This is a draft in progress . . .
Brian writes me that the inspiration for this piece comes from Donald Barthelme’s story, “The Palace.” In this story, the author is in line at a bank in New York City when he notices the yellow check for $84.06 that a Puerto Rican woman holds. Then he notices that there are many other black and brown and white women holding similar checks and he thinks about how little that is for a week’s work and what 84 dollars might buy. Finally he lights on the crazy idea that this check might buy a good tennis racquet and that everyone might buy a tennis racquet and might beat him to death and start a revolution.
Brian cites especially the work’s final paragraph: “And I suddenly shouted right out loud, right in front of everyone, in line at Chase Manhattan Fourteenth Street, “Tennis Everyone?” And everyone shouted back, “Yes, yes, Tennis.” And we all set out, the white and black and Puerto Rican Women with their tennis racquets, and the clerks and tellers, too, with their racquets, and even the bank officers, in their dark suits, with their racquets, in a long straggle, or friendly mob, in the direction of the palace.”
Three Riffs on an Idea from Donald Barthelme
A paycheck for 225 dollars, that’s 40 hours multiplied by the minimum wage of $7.25 minus 50 dollars the government takes for everyone’s needs. A paycheck for 225 dollars for a week’s worth of plumping white pillows and replacing white sheets on white beds till all your dreams turn white. Not much money for carrying white towels through endless white halls of rooms stacked on rooms of elevator floors. You can buy a good racquet for 225 dollars to wield like lance in the windmill faces of others. They may never see you, never comprehend.
A paycheck for 225 dollars a week, not much for 40 hours at the grocery store watching every fourth or fifth customer buy rice and beans and milk with food stamps. You watch each customer pass. You watch other cashiers have their hours cut back to 32 hours a week so that no one will pay for their health care. You are next in line. You are next in line. You are next in line. You are next in line. You are next in line till everyone around you is next in line. You can buy five or six cheap tennis racquets at Walmart for 225 dollars, pass them out to anyone. Tennis, Anyone?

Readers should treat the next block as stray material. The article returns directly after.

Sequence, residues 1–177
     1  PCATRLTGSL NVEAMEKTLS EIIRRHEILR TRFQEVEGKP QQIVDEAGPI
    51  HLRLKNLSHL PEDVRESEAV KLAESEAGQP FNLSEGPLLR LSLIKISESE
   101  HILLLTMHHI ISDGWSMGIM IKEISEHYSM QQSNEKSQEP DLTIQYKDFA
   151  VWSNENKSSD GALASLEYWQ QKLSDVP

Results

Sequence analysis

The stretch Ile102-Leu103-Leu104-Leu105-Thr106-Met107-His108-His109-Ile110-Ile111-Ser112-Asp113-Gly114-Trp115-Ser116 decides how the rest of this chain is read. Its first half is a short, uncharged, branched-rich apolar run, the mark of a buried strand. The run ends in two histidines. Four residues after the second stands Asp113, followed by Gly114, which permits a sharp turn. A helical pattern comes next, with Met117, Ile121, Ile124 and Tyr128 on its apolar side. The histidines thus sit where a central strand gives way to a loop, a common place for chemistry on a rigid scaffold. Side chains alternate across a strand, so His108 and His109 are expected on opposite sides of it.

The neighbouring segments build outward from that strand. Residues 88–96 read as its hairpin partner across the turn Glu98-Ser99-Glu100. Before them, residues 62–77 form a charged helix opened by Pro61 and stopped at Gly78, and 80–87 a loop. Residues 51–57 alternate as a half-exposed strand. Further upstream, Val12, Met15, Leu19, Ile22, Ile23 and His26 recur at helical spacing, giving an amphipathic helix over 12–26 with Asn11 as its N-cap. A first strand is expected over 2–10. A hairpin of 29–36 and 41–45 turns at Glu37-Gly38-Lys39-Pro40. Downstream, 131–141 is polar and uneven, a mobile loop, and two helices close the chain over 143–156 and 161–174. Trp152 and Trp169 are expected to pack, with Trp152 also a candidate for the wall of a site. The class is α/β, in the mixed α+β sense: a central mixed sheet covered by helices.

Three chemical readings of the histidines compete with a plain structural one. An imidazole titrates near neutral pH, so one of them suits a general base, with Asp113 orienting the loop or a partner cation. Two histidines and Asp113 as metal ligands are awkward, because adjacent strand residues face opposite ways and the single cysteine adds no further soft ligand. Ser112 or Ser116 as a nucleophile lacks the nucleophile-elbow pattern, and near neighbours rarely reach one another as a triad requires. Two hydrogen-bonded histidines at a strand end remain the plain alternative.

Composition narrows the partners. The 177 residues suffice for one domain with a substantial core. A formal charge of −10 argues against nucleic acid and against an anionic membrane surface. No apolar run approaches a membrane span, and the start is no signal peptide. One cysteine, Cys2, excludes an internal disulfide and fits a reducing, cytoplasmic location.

A paycheck as high as 390 dollars, not much for 32 or 40 or 47 or 53 hours driving a taxi or bus or midnight uber, ferrying those who might carry racquets through concrete rivers of smut and smog. You would rather be the saxophone on the radio, the saxophone held close and fingered and blown through gently by an invisible God whose many leaves flutter and fall. September again. The US Open in NYC. All the world’s best come here to play tennis. You can buy two very good racquets for 390 dollars, watch them fall in love. More racquets are inevitable. So many racquets you might pass them out to everyone you see while the US Open is played. Open tennis began in NYC in 1968. Arthur Ashe won the tournament, started a revolution so quiet no one knew it was happening. Tennis Everyone?
Artist Bio: A professor of English at Northeastern State University in Tahlequah, Oklahoma, Brian Cowlishaw grew up in rural Idaho before earning his Ph.D. at the University of Oklahoma. Inspired by the 2019 NYC exhibit of JRR Tolkien’s watercolor art, he took up painting himself. “Why didn’t I think of this earlier!?” he wonders. Brian shows his work at Tahlequah Creates gallery. You can also check out his art by following him on Twitter @BrianCowlishaw or Facebook.